I, enjoying a recent wealth of free time, had spent the first three months of 2020 volunteering and engaging with organizations in my community. CSA (distributing vegetables, graphic designing newsletters), Community Board meetings (asking questions about a proposed development, witnessing deliberations on zoning), Habitat for Humanity (building houses, sprucing up schools), Brooklyn Bridge Park (cleaning up parks), HOPE 2020 (surveying the homeless). General elections steal all of the limelight in the arena of modern democracy, but there is an entire ecosystem of organizations and events upon which elections, like apex predators, are dependent. They pass quietly, but they are often composed of a small slice of dedicated individuals who are passionate about issues affecting their lives more directly than a federal tax cut or even a healthcare bill, issues such as how many bollards to put up protecting a pedestrian plaza, whether to give a new bar a liquor license, or feeding those who can’t afford food. Offering your services or simply showing up to meetings is a simple but strong way to witness democracy in action.
Then, I read this exhaustive article from Places on Sidewalk Labs’ efforts to data-fy its entire new city, deploying sensors, cameras, dedicated apps with pop-up notifications, smart metering for utilities, online city-management platforms, the whole nine hundred. Clearly, the intent is to apply to the fullest the ethos of the Internet of Things, wherein every object is connected to the internet and is constantly broadcasting and logging its operation for a human or algorithm to monitor and manipulate in real-time. The key term to remember here is “real-time.” Gamification is another approach the Sidewalk team believes in strongly: infusing mundane, quotidian activities with levels, points, goals & rewards, et cetera, usually through a smartphone or another IoT device, allowing those activities to also be quantified and tracked. Many of these efforts strongly resemble the aspirational IAAC projects my colleagues and I produced during our year in the MaCT. The philosophy at play here is datafication: the belief that everything can be turned into information for electronic machines to analyze. In real-time.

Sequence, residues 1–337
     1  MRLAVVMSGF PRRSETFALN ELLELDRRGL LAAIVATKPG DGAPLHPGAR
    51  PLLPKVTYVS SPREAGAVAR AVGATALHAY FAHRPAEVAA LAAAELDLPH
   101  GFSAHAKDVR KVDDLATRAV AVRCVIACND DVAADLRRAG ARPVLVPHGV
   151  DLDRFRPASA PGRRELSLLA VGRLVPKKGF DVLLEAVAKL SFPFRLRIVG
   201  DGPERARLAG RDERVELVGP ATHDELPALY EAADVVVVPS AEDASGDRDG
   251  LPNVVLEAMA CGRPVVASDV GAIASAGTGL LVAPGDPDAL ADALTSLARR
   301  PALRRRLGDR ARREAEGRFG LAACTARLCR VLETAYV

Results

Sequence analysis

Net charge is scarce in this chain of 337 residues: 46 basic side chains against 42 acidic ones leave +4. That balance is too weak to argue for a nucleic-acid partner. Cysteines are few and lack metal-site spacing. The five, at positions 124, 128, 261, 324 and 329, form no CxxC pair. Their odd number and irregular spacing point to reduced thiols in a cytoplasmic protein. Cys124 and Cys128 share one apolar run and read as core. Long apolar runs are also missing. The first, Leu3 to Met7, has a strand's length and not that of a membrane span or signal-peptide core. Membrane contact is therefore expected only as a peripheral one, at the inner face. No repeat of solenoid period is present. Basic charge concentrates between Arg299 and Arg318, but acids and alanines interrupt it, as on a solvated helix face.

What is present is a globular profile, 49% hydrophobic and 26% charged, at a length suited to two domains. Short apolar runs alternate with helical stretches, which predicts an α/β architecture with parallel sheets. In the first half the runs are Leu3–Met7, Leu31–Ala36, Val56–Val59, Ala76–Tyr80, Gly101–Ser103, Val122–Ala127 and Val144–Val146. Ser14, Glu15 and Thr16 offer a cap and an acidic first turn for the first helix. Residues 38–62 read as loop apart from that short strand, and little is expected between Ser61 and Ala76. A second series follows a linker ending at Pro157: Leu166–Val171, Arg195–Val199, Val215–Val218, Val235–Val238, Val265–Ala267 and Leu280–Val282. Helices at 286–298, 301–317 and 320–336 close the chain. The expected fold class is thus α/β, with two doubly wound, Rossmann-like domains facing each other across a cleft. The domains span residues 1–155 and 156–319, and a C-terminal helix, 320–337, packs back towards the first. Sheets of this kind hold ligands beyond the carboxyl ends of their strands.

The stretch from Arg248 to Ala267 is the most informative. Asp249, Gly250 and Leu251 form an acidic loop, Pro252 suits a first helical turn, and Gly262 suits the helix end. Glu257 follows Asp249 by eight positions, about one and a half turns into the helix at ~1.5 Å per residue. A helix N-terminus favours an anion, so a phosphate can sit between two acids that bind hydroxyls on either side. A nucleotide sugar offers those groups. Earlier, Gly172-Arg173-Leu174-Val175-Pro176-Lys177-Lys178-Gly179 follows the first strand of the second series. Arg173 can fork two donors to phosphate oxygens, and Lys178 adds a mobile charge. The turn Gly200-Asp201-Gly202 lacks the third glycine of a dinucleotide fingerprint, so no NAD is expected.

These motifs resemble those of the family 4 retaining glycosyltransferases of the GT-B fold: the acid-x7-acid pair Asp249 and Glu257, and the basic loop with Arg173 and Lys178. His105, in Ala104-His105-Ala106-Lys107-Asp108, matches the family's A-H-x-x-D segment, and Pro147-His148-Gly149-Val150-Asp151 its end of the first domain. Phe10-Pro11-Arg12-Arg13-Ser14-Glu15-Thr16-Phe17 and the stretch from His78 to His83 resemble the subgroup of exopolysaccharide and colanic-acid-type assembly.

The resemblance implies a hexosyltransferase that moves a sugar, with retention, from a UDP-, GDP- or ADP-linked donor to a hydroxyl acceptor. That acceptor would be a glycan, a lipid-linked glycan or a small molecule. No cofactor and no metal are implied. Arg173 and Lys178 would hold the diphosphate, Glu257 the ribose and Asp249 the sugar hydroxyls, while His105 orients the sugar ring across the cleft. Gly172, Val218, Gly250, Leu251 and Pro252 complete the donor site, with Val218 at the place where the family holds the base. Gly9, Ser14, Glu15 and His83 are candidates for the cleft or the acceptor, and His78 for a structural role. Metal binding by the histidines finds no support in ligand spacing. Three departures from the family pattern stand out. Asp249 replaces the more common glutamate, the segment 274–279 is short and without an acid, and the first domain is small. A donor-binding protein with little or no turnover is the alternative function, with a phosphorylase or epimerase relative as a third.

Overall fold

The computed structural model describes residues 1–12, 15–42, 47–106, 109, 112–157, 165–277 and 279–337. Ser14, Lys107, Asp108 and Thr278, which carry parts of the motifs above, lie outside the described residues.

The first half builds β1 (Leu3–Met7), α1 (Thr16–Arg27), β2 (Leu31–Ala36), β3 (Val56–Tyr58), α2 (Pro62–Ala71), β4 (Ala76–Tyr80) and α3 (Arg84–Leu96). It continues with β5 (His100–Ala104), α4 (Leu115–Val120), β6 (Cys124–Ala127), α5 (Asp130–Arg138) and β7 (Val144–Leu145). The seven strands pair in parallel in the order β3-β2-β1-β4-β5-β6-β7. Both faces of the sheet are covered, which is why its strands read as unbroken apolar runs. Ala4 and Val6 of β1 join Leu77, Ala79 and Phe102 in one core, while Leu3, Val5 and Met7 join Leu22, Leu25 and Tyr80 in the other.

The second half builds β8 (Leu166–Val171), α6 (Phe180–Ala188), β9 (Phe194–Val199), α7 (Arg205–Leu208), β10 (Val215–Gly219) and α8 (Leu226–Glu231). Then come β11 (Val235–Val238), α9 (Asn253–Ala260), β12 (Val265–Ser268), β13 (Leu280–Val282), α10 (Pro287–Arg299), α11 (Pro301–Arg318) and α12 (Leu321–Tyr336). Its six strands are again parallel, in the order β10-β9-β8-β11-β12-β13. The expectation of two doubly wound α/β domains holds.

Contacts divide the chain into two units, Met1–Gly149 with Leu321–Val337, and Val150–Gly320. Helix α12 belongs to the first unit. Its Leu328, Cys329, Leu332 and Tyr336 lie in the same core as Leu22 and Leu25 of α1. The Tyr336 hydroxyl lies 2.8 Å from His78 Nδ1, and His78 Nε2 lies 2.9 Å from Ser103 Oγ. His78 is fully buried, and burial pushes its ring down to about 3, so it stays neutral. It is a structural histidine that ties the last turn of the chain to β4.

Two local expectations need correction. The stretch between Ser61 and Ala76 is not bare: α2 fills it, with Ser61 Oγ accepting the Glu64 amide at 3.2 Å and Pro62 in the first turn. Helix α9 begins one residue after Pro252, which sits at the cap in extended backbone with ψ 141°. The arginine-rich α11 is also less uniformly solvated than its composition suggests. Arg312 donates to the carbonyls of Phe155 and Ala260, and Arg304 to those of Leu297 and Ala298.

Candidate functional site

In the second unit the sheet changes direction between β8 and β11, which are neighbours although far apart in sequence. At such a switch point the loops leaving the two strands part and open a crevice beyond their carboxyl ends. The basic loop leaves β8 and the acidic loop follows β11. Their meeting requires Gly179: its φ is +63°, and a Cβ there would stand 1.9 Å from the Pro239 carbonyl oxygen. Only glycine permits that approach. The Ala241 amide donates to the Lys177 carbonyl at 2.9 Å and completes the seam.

Real-time is what gets me. Why, pray tell, does the data collection have to be happening constantly? I do not dispute the importance of data. I dispute the belief that the benefits of recording every thing at every moment will substantially outweigh the costs. Data will not help us become ten times more productive or make our food taste better or our cars less carbon-intensive. Societies are no strangers to slower forms of datafication, the Census being the best example. Alright, maybe once every ten years is too seldom. But surely we should first try out a biannual or annual Census before sprinting ahead to real-time population tracking?
What’s the difference between Sidewalk Labs and The New York City Department of Homeless Services? The difference is granularity. The former collects data with proprietary devices continuously at every moment, the latter collects data with human beings once a year. And I want to make the case for reinforcing the human beings, instead of sweeping them aside for the devices. Though they are more labor-intensive, the fact that they are fewer and farther in between will make the time spent doing them more valuable, and will foster active rather than passive citizens. Let’s not buy into technology for its own sake. If each of us volunteered in one community event per week, we would be living in a different country (Jimmy Wales would blush). If it does not demonstrably fit into the democratic ecosystem, it is fundamentally flawed.